Housing Targets Should Be Questioned – Says Eminent Housing Expert (And MP’s Agree)

The latest Wharfedale & Airedale Review Development (WARD) networking meeting, featured as its guest speaker Professor Ian Cole from the Centre for Regional Economic & Social Research (CRESR) at Sheffield Hallam University.  Professor Cole is a government advisor on housing and has advised the Department of Communities and Local Government over a number of years.  He has also been engaged in research for the Joseph Rowntree Foundation and is currently engaged on a project for that organisation.

Professor Cole gave an interesting presentation (download) of the current trends in the housing market to a packed audience of community representatives and local councillors.  The meeting was also attended by two local MPs, Stuart Andrew (Pudsey) and Greg Mulholland (Leeds North West).

Prior to Professor’s Cole’s presentation WARD’s Chairman, Dr David Ingham, highlighted two major concerns upon which all those present were commonly agreed.  The question of over optimistic target numbers for housing in the Yorkshire areas LDF’s Core Strategies and confidential site allocation talks that had been held between city planners and local councillors.  The important issue of transparency in planning for the area was not being upheld.  Dr Ingham also pointed out that the so called Strategic Housing Market Assessment that was used as the basis for the target numbers in the Leeds LDF had been conducted by GVA Consultants, who were in fact a firm of property consultants – hardly an unbiased assessment upon which to base housing needs for Leeds for the next sixteen years.

Professor Cole began his presentation by drawing a comparison between the UK’s housing needs in 1954, which was dealt with by a government led large scale council house building programme, and the current housing needs crisis with which the present coalition is attempting to deal by the dangerous relaxation of planning laws.  Professor Cole said there was a need to focus on effective demand and that, as in 1954, there should be more social housing than private housing.  He warned that we should be wary of household projections such as those imposed by central government on local authorities.  These patterns are culturally and financially shaped as well as statistically determined.  Housing targets in LDFs are likely to be wildly inaccurate.  Another problem was one of defining ‘affordability’ and ‘affordable housing’.  The definition of these terms is by no means clear cut.  Referring to Leeds, Professor Cole stated that there were high commuting inflows at the present time and that in the medium term regeneration of the more depressed areas is most unlikely.  He claimed that developers would continue to push for land in North East Leeds and along the A65 corridor as their favourite sites and that this would result in a loss of community identity and would also result in transport and other infrastructure being subject to unsustainable pressures.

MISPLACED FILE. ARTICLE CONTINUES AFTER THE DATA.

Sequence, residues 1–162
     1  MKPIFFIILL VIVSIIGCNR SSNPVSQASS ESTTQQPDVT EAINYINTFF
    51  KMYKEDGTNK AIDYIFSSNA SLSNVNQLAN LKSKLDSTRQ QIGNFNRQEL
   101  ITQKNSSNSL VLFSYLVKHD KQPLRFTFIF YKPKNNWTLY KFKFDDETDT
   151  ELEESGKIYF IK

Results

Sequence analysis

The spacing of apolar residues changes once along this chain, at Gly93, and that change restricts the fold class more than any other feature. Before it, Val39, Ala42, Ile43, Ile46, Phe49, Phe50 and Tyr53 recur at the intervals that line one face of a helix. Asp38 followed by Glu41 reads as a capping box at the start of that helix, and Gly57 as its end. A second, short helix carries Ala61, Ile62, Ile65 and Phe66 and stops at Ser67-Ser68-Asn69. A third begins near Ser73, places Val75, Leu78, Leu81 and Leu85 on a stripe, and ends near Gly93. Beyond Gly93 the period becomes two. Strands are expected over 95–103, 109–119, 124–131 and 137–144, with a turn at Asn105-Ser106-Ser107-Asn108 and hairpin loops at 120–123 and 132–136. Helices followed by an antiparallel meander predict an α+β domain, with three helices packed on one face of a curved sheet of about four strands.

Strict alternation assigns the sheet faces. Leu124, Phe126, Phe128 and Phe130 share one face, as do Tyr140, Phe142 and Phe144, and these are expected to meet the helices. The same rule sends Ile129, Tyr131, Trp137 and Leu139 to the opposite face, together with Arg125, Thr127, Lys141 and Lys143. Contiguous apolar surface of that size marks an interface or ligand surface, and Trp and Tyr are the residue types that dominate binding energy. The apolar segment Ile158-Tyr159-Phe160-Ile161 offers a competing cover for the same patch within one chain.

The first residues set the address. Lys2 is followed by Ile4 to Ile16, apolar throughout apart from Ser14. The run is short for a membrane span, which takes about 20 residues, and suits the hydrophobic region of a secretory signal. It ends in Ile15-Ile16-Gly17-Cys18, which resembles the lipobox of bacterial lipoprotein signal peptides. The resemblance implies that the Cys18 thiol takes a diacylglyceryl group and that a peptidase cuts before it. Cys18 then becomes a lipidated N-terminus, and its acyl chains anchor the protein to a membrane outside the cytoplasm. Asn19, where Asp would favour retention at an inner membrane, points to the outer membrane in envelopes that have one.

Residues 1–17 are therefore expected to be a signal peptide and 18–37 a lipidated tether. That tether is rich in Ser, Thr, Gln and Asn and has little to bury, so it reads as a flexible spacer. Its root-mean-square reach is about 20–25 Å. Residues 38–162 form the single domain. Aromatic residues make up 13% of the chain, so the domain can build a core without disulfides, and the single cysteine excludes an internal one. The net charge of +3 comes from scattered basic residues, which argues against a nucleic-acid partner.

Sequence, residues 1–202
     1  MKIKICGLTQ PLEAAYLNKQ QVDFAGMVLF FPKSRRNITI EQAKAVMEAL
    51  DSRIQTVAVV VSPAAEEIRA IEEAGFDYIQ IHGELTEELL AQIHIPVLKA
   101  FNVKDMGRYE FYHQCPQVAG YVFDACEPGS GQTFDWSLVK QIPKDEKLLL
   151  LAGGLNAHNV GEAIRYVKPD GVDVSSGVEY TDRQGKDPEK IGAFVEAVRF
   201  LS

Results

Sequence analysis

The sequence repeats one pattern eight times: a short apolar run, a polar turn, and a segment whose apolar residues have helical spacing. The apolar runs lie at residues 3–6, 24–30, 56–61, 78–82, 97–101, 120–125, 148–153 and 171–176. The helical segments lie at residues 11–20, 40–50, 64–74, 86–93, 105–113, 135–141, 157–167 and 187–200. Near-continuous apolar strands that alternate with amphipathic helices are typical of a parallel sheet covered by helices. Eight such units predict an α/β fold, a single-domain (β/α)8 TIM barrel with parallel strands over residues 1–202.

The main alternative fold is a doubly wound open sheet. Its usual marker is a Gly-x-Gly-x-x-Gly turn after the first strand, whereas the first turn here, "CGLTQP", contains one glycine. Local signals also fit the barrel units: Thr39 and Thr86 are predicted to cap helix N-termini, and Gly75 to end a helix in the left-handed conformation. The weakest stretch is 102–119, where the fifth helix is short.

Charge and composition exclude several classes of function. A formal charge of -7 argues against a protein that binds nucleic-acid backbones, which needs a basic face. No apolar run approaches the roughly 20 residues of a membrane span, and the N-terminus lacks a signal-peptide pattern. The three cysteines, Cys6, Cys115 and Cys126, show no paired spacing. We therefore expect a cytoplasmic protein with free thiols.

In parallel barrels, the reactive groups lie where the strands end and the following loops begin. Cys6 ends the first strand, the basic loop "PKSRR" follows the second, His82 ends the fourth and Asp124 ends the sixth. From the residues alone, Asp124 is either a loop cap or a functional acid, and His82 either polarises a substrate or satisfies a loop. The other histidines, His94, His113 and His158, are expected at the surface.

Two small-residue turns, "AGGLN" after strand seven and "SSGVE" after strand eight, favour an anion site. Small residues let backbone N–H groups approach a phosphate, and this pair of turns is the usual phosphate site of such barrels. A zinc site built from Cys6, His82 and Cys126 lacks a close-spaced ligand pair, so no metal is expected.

Professor Cole also pointed out that for the major developers there was no recession and therefore no excuse for not building the 400,000 houses across England and Wales for which they had already obtained planning permissions.  Dr Ingham stated that for Leeds the figure is 22,500 and for Bradford the figure is 15,500 planning permissions where not a single brick has been laid.  As examples Professor Cole pointed to the following developer profits in 2012:-

Barratts:         Profit increase of 159% – Revenue up 14.1%

Cala Group:  Profit up 96% – Revenue up 18%

Redrow:         Profit up 55% – Revenue up 6%

Galliford Try: Profit up 80% – Revenue up 17%

These figures scarcely point to a shortage of capital inhibiting developers from building on the sites they hold with permissions granted.  The idea of a land tax on undeveloped land with planning permission was mooted as an incentive to developers to go ahead and build.  However, this idea has been proposed previously by governments of both political persuasions and, for various reasons, has failed to be introduced.

As the meeting wound up our MPs made the following comments.  Stuart Andrew was concerned that the housing market should be considered in conjunction with general economic development.  He said, “A substantial manufacturing organisation in his constituency was looking to expand but simply could not do so locally as all the space which might have been available had been turned over the residential development ….. Central Government could not and should not be trying to determine what goes on locally, and it was short-sighted and inappropriate for local authorities to be constructing residential properties in locations where there was no employment.“

Greg Mulholland said, “The predominance given to the five year land housing supply is a major issue, and is giving developers a green light, to the frustration of planners and local people.  High-lighting the five year housing targets as Professor Cole has said is causing local planning authorities to focus on those targets and little else, and there is no concrete evidential basis for those five year targets.  It is the case that we need to build more social housing but it should be for the people who genuinely need it and not for those who can afford to be operating in the open housing market.”  He also voiced concerns about the implications of the Growth & Infrastructure Bill and urged the meeting to look at it and read the analysis from CPRE.  After that, they might consider the potential threat to local amenity and green-space and bring their concerns to the attention of their MPs.

The meeting concluded with a consensus that Professor Cole’s presentation had been most informative and some of the issues he had raised most strongly supported community concerns about current residential development across the UK and Wharfedale and Airedale in particular.